I know that it can be difficult to see the ‘Bonsai’ in raw material, but when choosing Yamadori it’s important to consider a few fundamental characteristics.
- The Health of the tree
- The Quality of the Bark
- Movement in the trunk
I know that many people want to see a lot of ‘branches’ to work with but this is not important. Branches grow, and when they do you can decided how and where they grow, you can build the ramification and canopy where you wish instead of using the branches that are on the raw material.
Bonsai must be approached as a journey of creativity, the destination being the tree ‘finished’ (although we all know that a bonsai is never actually ‘finished)
This Olive has been developed over the last two years, nobody was interested in the raw material when it was for sale at The Noelanders trophy in 2011. I saw the potential and here is the tree today.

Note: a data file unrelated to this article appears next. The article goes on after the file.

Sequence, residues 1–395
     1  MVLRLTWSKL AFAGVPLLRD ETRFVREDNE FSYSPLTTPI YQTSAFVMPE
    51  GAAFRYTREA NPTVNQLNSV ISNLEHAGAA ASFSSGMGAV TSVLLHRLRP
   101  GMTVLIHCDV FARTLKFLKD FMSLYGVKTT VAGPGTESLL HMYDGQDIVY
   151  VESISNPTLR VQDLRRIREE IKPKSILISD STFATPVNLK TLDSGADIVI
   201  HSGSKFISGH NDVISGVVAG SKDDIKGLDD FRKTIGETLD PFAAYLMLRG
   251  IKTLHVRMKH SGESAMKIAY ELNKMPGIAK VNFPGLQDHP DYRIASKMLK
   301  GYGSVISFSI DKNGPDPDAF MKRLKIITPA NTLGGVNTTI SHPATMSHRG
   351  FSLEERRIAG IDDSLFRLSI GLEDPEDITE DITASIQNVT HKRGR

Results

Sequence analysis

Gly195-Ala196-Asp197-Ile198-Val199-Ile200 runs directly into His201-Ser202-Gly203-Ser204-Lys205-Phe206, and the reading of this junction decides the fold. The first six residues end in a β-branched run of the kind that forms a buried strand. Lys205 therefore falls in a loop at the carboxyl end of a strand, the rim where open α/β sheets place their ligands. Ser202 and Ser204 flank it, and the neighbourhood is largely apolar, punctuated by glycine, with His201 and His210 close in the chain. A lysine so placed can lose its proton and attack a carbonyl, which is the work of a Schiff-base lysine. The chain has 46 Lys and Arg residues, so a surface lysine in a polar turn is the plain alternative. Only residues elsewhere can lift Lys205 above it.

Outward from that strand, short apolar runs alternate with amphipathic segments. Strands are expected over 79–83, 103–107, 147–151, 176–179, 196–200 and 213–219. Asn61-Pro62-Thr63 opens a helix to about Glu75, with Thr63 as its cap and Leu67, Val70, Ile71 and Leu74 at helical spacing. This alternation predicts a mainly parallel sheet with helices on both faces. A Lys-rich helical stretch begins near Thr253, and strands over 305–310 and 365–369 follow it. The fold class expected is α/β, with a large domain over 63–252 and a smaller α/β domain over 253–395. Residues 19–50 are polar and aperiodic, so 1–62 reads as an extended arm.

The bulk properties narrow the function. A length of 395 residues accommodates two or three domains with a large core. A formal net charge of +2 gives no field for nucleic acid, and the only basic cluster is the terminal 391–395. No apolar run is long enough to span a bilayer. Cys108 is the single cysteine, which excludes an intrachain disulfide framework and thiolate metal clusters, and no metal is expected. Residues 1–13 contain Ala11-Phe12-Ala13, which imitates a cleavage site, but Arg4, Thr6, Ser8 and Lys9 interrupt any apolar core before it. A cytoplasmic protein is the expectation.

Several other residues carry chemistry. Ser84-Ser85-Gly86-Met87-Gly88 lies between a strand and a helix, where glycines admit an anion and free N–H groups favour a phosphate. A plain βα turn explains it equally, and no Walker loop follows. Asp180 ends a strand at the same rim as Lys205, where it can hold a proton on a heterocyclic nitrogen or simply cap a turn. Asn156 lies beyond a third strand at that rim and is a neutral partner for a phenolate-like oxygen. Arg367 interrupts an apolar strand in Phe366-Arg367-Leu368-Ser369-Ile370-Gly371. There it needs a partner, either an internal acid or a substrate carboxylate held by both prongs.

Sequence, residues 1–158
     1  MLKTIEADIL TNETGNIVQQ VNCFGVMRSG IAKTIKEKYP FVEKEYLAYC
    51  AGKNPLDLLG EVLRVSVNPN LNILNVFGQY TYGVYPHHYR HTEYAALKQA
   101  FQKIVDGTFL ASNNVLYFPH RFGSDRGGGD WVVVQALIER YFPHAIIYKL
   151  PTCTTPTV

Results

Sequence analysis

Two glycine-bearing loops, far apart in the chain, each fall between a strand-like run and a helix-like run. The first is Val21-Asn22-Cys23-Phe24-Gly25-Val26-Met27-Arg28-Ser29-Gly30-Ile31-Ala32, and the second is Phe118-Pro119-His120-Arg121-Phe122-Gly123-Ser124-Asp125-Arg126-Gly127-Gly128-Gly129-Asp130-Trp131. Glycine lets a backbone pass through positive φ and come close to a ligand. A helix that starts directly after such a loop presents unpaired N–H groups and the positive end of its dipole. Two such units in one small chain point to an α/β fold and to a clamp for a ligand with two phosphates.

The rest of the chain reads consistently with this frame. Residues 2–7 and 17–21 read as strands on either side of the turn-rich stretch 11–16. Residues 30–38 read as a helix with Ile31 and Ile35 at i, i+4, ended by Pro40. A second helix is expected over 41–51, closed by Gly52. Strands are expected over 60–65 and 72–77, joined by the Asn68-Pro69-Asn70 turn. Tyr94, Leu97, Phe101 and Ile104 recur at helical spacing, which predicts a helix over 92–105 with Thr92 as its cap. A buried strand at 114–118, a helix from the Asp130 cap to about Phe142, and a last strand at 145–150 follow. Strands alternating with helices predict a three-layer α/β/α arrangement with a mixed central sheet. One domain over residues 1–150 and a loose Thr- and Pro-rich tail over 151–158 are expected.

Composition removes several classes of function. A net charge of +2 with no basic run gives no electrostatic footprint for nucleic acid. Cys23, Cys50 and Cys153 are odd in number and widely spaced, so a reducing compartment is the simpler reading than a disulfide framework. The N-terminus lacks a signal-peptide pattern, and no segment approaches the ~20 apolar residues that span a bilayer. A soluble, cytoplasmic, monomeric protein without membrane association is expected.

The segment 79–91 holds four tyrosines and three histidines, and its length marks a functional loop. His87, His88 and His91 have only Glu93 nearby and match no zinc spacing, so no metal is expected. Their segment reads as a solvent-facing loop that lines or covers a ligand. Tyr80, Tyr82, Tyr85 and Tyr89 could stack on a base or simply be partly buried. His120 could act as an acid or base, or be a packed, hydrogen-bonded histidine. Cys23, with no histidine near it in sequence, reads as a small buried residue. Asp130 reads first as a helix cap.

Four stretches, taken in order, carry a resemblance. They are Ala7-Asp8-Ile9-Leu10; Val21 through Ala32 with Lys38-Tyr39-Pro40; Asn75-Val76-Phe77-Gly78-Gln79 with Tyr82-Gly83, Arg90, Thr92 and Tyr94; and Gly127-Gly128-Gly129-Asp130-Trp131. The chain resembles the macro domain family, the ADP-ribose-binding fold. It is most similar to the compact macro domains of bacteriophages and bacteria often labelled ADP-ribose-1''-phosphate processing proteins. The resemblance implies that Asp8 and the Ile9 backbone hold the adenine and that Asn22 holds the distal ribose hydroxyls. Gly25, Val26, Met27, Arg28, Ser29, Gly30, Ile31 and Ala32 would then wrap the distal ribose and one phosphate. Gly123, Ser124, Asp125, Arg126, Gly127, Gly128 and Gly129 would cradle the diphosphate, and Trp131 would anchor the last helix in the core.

I was holidaying with Carolyn on the Island of Majorca, just off the coast of Spain. Angel Mota invited me visit his garden and take a look at the spectacular Olive bonsai that he works. His house and garden is in the Capital Palma and we spent a few hours discussing ideas and swapping Yamadori hunting stories. Angel was very generous with his time and his hospitality unmatched.
It was nearly 40 degrees Centigrade when we visited! BTW… I am the VERY white guy
Note: Angel won the very First Ginkgo Award in 1997 with an Olive and the very last Ginkgo Award with his fine display of Olive Bonsai.